Yeah, and like you said about Laura repeating patterns from her own past –
Everybody does! That’s what it is to be alive. That’s what it is to be human! And that’s what the work is, you know?
Laura and Andy’s relationship also reflects the way that control can work as a pendulum, rather than a switch that’s either on or off: if the pendulum swings too far away from the starting point, it’s still going to be out of balance. Laura is very controlling, but instead of controlling what she does, she’s trying to control what Andy doesn’t do, because so much of her energy is put into pushing Andy away.
Exactly, that’s what I’m saying. She repeats it in a different way, with a different intention, but she ends up in the same place. But there’s hope to the story because it’s uncovering the problem, you know? It’s actually smashing it apart. And it’s not something they would choose, but it’s happening. I think sometimes the worst things that can happen to us bring about the most beautiful change. “No mud, no lotus,” that kind of vibe. There’s a lump of coal before you get the diamond. For a lot of people, trying to just extricate and decipher what we’ve inherited and what’s actually ours and who we are without all that we come into the world with is very difficult. You are very affected by your family whether you like it or not, and my character is someone who really didn’t like it and has just tried to escape her entire life, and it just hasn’t worked. It worked to a certain extent, and now this is the moment where it has to change. You can’t continue to live that way in any kind of good conscience. It’s just not healthy.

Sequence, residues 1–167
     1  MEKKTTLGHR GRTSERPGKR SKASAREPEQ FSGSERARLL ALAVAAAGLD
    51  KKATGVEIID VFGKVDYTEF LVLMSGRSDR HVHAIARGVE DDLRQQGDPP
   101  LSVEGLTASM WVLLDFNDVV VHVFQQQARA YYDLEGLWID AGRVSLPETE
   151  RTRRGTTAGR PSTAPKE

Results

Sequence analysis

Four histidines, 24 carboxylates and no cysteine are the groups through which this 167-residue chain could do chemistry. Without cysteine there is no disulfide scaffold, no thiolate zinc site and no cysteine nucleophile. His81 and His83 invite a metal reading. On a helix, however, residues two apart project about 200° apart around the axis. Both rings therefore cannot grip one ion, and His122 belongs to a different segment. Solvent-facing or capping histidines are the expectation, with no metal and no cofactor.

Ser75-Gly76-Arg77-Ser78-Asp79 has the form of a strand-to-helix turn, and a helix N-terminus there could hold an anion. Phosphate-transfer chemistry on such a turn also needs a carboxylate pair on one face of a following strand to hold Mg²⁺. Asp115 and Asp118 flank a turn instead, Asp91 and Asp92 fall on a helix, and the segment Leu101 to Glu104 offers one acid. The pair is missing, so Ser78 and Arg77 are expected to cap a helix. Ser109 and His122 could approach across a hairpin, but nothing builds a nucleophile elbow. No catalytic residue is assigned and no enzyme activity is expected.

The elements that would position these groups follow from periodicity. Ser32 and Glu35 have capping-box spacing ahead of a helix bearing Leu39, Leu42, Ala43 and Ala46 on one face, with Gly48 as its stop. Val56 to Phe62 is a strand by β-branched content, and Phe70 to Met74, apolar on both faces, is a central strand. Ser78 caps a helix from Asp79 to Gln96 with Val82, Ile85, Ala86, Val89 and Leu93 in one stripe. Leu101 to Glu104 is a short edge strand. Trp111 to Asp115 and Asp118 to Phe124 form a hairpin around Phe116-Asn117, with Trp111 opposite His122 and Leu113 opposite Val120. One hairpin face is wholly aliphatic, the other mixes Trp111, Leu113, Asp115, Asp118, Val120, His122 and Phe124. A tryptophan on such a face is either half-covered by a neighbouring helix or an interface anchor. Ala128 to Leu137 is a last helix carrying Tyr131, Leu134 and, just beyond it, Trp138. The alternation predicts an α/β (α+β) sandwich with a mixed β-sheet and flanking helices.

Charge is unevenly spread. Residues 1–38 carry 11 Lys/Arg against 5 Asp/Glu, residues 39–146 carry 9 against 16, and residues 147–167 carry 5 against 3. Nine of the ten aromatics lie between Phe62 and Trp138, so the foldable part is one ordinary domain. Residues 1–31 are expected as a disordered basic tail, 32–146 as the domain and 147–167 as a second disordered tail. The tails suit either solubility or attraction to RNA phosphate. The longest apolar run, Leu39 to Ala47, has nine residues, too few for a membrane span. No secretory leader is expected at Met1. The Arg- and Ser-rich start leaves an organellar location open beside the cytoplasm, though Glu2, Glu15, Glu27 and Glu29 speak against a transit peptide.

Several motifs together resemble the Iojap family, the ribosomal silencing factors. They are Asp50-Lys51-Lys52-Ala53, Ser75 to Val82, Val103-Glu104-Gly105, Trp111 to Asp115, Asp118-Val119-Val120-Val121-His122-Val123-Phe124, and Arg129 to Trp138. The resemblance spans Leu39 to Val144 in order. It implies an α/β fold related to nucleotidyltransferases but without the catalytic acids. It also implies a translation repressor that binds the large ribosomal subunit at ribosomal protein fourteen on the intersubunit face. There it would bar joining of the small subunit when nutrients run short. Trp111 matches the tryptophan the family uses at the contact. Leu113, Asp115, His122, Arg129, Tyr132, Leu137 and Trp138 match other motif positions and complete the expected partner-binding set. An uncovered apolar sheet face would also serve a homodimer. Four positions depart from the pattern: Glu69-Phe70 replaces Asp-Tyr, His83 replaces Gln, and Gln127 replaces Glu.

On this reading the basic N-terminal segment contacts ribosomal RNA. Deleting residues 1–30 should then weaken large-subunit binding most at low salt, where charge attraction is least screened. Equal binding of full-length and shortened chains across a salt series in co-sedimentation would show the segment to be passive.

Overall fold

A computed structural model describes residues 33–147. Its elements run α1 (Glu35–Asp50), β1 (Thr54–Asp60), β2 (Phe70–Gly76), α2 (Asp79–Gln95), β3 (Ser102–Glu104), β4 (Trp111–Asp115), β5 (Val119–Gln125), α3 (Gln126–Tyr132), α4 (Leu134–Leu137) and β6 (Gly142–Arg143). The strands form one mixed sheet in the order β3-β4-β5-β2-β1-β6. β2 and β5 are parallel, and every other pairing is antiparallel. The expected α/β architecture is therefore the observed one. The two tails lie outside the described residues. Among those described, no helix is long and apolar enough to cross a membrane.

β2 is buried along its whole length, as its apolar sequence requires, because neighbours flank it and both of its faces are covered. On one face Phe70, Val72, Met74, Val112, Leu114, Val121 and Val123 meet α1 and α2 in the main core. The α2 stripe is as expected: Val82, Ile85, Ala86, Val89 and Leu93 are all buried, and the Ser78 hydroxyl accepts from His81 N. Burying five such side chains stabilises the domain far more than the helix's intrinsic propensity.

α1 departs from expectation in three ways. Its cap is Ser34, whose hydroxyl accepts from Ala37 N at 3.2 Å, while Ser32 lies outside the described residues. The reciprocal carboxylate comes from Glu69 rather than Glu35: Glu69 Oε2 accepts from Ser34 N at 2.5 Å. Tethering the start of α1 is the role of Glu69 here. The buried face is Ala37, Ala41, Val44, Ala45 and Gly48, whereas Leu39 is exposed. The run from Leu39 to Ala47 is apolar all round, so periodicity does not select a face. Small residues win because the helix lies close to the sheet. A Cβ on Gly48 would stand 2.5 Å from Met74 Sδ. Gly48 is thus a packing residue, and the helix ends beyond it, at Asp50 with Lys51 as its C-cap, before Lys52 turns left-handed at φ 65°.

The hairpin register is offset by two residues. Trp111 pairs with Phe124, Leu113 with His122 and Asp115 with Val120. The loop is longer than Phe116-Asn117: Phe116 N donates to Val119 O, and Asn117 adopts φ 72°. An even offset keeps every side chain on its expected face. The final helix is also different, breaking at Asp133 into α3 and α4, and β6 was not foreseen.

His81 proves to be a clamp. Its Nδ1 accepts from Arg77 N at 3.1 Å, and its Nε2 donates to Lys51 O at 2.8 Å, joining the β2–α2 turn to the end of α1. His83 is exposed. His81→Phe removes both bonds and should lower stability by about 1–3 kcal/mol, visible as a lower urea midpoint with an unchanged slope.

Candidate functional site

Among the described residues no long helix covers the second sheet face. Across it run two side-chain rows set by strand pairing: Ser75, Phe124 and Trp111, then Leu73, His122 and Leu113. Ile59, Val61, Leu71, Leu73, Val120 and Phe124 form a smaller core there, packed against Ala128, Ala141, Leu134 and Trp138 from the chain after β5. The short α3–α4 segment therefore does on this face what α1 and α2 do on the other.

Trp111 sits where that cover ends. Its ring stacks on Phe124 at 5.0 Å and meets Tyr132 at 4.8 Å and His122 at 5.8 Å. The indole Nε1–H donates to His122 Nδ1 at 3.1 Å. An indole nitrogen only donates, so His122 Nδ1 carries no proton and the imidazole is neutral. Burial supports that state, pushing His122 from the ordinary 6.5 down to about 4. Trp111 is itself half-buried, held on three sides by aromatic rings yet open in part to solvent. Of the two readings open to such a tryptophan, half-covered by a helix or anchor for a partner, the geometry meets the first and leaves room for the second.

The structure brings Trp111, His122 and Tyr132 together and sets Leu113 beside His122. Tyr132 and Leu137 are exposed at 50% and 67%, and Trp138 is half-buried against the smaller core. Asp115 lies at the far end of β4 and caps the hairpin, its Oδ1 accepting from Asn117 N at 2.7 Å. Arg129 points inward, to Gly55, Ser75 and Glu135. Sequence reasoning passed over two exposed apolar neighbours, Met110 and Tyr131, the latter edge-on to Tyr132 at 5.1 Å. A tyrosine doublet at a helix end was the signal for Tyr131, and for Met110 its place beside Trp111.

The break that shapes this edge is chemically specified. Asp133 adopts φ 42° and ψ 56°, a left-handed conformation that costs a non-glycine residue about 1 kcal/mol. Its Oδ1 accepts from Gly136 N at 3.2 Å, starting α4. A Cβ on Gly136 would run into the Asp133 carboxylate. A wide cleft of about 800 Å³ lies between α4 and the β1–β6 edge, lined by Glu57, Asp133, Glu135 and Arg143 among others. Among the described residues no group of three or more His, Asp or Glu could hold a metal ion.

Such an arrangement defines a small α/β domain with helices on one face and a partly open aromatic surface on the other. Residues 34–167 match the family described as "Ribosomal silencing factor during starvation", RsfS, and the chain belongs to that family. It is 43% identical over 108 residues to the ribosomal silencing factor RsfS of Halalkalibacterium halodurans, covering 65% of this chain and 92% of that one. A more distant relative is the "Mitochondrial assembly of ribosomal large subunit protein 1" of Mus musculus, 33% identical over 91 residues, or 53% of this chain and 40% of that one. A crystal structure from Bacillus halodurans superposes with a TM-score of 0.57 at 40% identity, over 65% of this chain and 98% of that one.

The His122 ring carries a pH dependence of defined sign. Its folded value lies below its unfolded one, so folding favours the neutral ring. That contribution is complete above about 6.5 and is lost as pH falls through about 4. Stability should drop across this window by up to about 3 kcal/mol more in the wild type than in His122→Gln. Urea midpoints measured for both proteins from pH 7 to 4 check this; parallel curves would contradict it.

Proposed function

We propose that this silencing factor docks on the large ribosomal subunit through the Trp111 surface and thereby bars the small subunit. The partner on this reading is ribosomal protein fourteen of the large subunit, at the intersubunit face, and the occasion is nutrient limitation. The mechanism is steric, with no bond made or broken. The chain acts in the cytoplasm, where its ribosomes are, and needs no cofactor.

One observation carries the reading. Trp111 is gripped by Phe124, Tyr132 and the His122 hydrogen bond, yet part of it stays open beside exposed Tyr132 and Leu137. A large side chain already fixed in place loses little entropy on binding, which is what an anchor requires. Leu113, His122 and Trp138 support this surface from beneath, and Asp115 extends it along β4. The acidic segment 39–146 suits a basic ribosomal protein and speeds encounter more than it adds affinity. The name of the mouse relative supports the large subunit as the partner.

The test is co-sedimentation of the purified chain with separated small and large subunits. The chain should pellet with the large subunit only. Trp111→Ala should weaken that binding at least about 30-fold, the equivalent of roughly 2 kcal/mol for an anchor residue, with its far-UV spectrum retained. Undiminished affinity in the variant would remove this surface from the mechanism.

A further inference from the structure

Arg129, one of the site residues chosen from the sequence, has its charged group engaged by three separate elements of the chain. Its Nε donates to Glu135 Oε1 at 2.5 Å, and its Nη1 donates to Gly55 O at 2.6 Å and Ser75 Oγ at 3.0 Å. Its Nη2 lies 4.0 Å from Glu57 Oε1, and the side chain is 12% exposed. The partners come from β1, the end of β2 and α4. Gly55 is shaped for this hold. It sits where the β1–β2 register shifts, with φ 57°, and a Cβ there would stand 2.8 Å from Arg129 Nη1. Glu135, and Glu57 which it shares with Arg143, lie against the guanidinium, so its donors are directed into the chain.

Watching the flashback storyline, the thing that came to mind for me was the sunk cost fallacy—the idea that you’ve sunken so much effort or time or money into something that you feel like you have to stay, rather than getting out before you’ve invested even more. And I think that’s something Laura struggles with, both in terms of leaving her family –
And then the group. Interestingly, she’s trying to escape her family, but she goes to another man who actually treats her in the same way as her father. Even though it’s different, because that’s a sexual relationship, that sense of intense connection and a kind of control over her is repeated – she’s actually gone from one source to another. And, actually, that’s what a lot of people do: They think they’re choosing something else, and actually they’re choosing the same deep themes and the same patterns. It takes a lot to see it and break it and know what’s good for you. So, yes, she gets involved with [the leader of this group], and it’s this uprising, fighting against everything that her father represents, and then it goes too far. God, it’s complicated, isn’t it? This is the first day of doing press, so it’s very weird to talk about it. When I’m working, talking about things can burst bubbles, it can dispel things, so I don’t like to talk about it too much. I did talk with Minkie a bit, but there’s a reserve you just leave for things to eventuate on their own, and so talking about it, I may seem very inarticulate, and I’m sorry.
No, it’s great! It’s also interesting to see, because it’s your job to internalize all this and now you’re trying to externalize it.
Yeah, it’s like a year of therapy. [Laughs]
Sort of like going to couples therapy with the character?
Yeah, that’s funny! [Laughs] That’s actually really true.
This interview was edited and condensed for clarity.